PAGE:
When the doors of the neighborhood holiday fair opened my first potential customer was drawn to my new product a pair of mismatched, coordinated fingerless gloves. She willingly paid the amount I requested and scooped up her "wearable art." "What is the appeal of a pair of gloves that coordinate, but don't match?" I wondered. It seems that you can develop a more interesting fashion accent that is just a bit funky by using similar colors with different placement of the bands or color elements. The color switch makes for an intriguing, though satisfying puzzle. In the case of this initial pair, I used the muted plum tones of Sweet Roll by Premier Yarns. Each skein presents 3 long color runs with interesting combinations that include coordinating pastels, a range of neutrals (such as shades of gray), or bold and brilliant jewel-like tones. The color for this first pair included plum tones that ranged from light mauve to a darker purple. A 2-layered flower with a decorative button at the center adorned the top of the glove near the fingers. One skein (245 yards) of this worsted 100% acrylic yarn was all I needed to complete the pair of fingerless gloves. I even had enough scrap to make a child's flowered headband. When I made a second pair, I had enough to make a child's pair of mismatched fingerless gloves. You will find the photo below.
Since that fateful day, I have been inspired to create, sell. or gift dozens of these dramatic fashion accessories. I get that glow when someone who has acquired my gloves is actually wearing a pair. A few months ago my husband and I were at a new friend's home for dinner. Instead of bringing a bottle of wine or other house gift, I presented the hostess with a pair of gray to black gloves that I thought would coordinate with her winter coat. She smiled and said thank you, but I had no idea if she was just being polite. However, at a group event on a particularly cold evening, I saw her pull out the gloves before she went out into the night air. Smiling to myself, I could see that the gloves had been worn often and well.
To construct these fingerless gloves, I begin with the cuff. I crochet a band of half-double crochet, on the back loop before sewing the ends together. The body of the piece is then worked in the round. For my first pair, I started with the lightest shade and transitioned to a medium tone. The second gloves started with the medium tone and transitioned to the darkest shade. A light flower decorated the glove with the dark fingers. A dark flower was placed on glove with the medium shade near the fingers. While I might be able to tolerate slight variations as I make the gloves myself, I am taking careful notes as I prepare a precise pattern for my readers. After I create and test the pattern, I will make it available for the followers of lilcreates .com. In the meantime I refer you to my board on Pinterest (Lillian Malkus/Love to Crochet) or the patterns available from Ravelry or AllFreeCrochet.com.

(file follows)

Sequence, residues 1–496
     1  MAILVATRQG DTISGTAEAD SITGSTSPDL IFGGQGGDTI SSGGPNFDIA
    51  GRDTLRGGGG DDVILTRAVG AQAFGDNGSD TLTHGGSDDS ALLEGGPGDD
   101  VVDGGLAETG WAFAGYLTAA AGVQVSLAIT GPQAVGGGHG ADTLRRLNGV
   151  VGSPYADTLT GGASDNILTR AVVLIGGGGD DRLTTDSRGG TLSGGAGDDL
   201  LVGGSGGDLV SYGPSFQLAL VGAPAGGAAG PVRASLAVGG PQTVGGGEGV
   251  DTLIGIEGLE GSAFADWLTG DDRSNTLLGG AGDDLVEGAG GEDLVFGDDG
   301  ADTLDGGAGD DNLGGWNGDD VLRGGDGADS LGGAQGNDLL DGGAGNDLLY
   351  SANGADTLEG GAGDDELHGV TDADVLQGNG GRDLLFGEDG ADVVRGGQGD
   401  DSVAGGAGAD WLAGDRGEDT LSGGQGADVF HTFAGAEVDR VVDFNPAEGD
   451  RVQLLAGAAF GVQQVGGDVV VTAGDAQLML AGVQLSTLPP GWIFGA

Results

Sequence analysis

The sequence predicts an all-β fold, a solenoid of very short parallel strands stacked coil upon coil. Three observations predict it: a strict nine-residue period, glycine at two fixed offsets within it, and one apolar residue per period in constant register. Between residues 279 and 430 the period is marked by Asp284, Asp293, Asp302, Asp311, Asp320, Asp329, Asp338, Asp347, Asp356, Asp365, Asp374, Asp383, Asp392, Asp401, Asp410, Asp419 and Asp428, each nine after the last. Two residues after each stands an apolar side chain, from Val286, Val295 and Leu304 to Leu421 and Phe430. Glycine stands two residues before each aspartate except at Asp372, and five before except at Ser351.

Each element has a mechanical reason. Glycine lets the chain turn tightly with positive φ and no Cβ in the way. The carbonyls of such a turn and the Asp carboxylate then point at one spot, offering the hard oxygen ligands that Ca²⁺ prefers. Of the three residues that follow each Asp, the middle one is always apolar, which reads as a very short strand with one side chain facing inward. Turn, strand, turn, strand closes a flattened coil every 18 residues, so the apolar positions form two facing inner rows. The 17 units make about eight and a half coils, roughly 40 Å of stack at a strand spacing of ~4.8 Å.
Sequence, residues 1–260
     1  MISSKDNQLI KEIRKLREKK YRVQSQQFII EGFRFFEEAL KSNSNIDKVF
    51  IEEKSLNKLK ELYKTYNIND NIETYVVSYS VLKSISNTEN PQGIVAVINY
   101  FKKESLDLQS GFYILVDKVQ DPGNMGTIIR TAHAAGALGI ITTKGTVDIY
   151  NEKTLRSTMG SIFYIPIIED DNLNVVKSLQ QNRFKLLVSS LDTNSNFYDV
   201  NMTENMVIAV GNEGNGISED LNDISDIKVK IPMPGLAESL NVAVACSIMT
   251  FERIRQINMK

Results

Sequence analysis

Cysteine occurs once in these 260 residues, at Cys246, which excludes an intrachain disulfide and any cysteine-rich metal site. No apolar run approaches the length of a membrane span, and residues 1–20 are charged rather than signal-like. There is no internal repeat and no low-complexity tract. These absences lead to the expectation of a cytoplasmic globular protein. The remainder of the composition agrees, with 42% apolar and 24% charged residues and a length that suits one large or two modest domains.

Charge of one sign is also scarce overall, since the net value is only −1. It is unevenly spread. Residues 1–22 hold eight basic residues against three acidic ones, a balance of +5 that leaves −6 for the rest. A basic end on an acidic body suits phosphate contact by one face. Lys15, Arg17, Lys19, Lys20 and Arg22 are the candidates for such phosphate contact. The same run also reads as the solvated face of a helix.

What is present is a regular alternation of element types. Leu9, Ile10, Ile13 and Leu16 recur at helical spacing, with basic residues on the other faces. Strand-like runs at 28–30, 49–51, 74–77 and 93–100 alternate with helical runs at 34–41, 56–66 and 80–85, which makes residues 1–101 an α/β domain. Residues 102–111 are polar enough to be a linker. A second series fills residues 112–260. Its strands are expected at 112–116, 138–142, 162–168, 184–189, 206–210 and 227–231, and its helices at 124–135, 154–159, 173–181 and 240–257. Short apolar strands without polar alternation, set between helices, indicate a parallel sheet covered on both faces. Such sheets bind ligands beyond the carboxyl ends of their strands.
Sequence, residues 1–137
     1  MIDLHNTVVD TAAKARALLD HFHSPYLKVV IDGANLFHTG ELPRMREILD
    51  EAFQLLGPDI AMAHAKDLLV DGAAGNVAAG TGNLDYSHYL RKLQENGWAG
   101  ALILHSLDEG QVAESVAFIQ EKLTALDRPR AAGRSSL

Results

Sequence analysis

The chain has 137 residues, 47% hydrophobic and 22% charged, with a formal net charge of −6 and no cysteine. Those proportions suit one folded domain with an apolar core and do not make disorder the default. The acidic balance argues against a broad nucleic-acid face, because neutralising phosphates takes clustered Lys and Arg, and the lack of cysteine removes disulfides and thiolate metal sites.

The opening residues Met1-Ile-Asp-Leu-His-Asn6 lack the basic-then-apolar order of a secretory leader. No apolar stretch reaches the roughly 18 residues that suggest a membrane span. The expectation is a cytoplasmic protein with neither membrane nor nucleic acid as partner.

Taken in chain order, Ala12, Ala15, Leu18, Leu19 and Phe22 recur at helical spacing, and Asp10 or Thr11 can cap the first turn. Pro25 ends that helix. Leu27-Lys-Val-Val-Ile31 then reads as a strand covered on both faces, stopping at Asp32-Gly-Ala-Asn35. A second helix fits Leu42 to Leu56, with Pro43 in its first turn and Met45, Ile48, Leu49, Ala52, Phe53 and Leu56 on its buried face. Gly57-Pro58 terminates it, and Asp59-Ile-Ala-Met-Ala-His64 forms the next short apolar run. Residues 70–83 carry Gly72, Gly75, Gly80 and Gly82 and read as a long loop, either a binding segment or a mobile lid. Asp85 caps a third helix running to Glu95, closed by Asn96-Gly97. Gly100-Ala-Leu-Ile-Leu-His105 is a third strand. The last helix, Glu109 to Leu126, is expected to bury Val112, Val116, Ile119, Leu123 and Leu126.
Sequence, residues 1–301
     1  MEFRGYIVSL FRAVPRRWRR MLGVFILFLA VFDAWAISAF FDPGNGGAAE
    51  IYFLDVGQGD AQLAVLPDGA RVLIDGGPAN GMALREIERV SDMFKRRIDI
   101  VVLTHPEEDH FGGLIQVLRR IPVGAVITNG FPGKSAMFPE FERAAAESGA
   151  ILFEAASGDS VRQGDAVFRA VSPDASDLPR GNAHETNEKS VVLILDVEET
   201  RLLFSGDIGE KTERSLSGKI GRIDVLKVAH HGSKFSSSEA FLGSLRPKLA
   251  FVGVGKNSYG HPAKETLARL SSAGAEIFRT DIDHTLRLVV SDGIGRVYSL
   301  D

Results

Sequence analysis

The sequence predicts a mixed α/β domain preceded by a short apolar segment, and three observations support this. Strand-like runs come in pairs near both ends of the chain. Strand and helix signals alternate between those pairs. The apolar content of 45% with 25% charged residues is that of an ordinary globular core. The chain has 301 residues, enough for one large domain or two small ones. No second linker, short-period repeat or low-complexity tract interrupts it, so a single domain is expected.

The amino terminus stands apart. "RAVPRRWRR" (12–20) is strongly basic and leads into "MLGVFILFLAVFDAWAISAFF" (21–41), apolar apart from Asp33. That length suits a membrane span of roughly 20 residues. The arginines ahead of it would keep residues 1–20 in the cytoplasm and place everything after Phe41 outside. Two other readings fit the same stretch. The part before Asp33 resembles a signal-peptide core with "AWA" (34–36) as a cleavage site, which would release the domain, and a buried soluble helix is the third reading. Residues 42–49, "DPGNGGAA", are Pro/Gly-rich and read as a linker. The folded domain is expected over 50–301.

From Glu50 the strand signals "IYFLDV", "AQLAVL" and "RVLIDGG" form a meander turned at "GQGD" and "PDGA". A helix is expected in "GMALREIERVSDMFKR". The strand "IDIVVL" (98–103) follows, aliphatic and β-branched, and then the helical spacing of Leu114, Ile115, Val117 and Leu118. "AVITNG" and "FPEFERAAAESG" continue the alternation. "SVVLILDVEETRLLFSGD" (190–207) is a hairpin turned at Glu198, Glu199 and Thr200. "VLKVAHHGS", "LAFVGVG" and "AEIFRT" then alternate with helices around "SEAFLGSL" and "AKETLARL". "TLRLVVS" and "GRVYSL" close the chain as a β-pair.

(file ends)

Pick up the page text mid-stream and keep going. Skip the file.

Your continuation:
Cakes by Caron also provides the multiple colors that enable the crocheter to work several inches before transitioning to a coordinating or complementary hue. This yarn, which is 80% acrylic and 20% wool, is only available at the Michaels chain of craft stores. Yardage is 350 yards per skein, and sells for a dollar more than Sweet Roll. For crocheters who are willing to experiment, you can achieve the coordinated mismatched effect by blending 3 or more of your own color choices of thicker worsted yarn. You will change the color placement, by making the cuff in one color and the body in a coordinating shade. Then make the switch for the opposite glove. Your flower will contrast with the body of each glove.
I hope you enjoy your experimenting with mismatched gloves. Please write a comment in the reply section. My readers are an important source of inspiration and learning for me.